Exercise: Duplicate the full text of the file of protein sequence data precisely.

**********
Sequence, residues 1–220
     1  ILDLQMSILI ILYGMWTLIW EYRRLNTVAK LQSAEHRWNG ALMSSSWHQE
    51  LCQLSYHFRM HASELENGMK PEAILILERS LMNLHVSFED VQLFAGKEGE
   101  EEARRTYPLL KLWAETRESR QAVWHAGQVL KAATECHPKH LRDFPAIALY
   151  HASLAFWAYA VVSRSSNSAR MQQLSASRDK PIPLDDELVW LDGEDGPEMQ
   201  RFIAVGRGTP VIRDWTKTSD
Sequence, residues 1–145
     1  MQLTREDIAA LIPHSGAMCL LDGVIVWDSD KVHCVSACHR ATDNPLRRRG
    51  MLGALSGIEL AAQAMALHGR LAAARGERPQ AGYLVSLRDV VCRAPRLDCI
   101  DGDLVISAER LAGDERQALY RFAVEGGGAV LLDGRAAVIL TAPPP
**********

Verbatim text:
Sequence, residues 1–220
     1  ILDLQMSILI ILYGMWTLIW EYRRLNTVAK LQSAEHRWNG ALMSSSWHQE
    51  LCQLSYHFRM HASELENGMK PEAILILERS LMNLHVSFED VQLFAGKEGE
   101  EEARRTYPLL KLWAETRESR QAVWHAGQVL KAATECHPKH LRDFPAIALY
   151  HASLAFWAYA VVSRSSNSAR MQQLSASRDK PIPLDDELVW LDGEDGPEMQ
   201  RFIAVGRGTP VIRDWTKTSD
Sequence, residues 1–145
     1  MQLTREDIAA LIPHSGAMCL LDGVIVWDSD KVHCVSACHR ATDNPLRRRG
    51  MLGALSGIEL AAQAMALHGR LAAARGERPQ AGYLVSLRDV VCRAPRLDCI
   101  DGDLVISAER LAGDERQALY RFAVEGGGAV LLDGRAAVIL TAPPP